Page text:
Collin Peterson, former Chairman of the House Agriculture Committee, wrote a must-read op-ed outlining the FACTS behind farm policy.
“We have agriculture policy in this country for a reason. Among the lessons the pandemic taught us is not to take for granted full grocery shelves, safe food, and the fact that we as Americans pay less in disposable income on food than anyone else in the world,” wrote Chairman Peterson, who served as Chairman of the House Agriculture Committee twice during his thirty years in Congress.
As Chairman Peterson explained, farm policy critics, such as the Environmental Working Group (EWG), misuse statistics surrounding farm policy benefits in order to sway lawmakers and the public to support their ideas for “reform.” These ideas invariably mean no crop insurance for farm and ranch families; no conservation incentives to promote cleaner air and water, soil health, wildlife and wildlife habitat, and climate change mitigation; and no U.S. response to the predatory trade practices of countries such as China that unfairly use high and rising subsidies, tariffs, and non-tariff trade barriers to the great detriment of U.S. farm and ranch families.
Chairman Peterson noted that if the critics, such as EWG, had their way, it would not only harm family farmers and ranchers, putting our food, feed, fiber, and fuel security in jeopardy, it would also severely damage the U.S. economy.
Here are a few facts at a quick glance that Chairman Peterson shared in his op-ed:
These are real, dirt-under-the-fingernails, farm and ranch families.
Federal farm policy is a good investment. Last year, only about 0.3% of federal spending was spent on farm policies, including conservation, crop insurance, and the farm safety net in the Farm Bill. By the way, farmers paid $6.8 billion last year to buy federal crop insurance coverage.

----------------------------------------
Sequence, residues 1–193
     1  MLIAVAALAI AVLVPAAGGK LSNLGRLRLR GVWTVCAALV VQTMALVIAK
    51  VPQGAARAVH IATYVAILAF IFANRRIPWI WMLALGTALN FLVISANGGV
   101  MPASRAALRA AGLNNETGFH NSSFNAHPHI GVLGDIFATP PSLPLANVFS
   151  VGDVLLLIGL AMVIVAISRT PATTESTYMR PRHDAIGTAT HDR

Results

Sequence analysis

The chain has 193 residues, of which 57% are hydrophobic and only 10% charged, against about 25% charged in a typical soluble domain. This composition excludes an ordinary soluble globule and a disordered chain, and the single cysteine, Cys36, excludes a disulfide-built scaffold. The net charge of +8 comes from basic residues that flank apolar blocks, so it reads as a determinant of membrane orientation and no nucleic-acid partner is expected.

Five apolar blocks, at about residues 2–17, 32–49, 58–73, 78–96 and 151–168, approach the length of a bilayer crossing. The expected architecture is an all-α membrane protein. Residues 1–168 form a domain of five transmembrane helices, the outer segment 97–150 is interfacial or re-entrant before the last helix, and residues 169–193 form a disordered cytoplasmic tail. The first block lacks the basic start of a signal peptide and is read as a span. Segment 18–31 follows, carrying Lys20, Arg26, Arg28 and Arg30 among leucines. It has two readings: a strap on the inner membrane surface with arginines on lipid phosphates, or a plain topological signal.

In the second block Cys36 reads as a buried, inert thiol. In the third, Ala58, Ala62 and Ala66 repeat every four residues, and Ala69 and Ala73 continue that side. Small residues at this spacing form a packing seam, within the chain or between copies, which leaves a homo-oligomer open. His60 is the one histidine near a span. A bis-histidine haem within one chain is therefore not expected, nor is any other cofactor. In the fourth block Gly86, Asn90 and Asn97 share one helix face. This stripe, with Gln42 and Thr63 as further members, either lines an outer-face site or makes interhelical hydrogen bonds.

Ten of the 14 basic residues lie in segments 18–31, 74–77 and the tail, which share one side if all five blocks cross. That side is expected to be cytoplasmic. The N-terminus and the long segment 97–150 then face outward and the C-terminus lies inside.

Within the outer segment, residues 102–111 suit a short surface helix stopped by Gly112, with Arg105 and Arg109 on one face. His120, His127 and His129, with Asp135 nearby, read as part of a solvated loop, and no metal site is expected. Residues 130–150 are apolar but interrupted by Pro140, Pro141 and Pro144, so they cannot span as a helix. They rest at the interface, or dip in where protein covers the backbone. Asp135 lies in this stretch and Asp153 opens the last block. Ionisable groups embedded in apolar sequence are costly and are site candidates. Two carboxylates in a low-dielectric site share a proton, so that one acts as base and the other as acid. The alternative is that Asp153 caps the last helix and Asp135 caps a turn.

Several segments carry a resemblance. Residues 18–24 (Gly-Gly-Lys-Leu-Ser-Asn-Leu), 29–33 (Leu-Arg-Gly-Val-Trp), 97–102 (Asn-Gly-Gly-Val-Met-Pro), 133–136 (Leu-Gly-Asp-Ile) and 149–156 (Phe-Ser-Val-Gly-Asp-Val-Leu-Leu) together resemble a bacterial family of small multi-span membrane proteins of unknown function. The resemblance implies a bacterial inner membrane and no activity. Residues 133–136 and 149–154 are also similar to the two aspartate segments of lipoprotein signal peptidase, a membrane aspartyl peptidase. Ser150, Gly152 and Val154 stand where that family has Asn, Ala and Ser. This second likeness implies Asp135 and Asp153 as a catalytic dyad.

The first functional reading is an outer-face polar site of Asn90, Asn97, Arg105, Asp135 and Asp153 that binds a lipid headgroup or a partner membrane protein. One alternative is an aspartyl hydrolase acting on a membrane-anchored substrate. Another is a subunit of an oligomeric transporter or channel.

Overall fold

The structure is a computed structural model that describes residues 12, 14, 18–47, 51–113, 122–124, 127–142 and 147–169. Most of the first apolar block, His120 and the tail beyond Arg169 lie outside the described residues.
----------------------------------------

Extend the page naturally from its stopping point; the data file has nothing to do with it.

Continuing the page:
U.S. spending on the entire farm safety net comes nowhere near that. As Chairman Peterson wrote, “we have among the lowest tariffs and domestic support in the world because we are confident in our producers’ success if we simply have a level playing field.”
Farm Bill conservation programs are a critical tool to combat climate change, giving farmers resources to protect wildlife and wildlife habit and invest in the health of their soil, water, and air.
Farming and ranching create jobs up and down Main Street – from the rural countryside to urban cityscapes. In 2021, those who feed us created more than 21 million jobs, with 2.6 million people working directly on the farm.
The USDA definition of a farmer could include a 4-H student who sells show cows or a retired couple who lives on a hobby farm. This is one of the reasons why EWG’s numbers are so misleading. Full-time farmers obviously look larger in terms of annual sales of farm products compared to a 4-H student or retired hobby farmer. The Farm Bill’s safety net is also tailored to mitigate the huge risks that full time farm and ranch families face every day.
As Chairman Peterson points out, there will be a lot of input from all different perspectives on the 2023 Farm Bill.
“But the misuse of statistics is not helpful to the process.”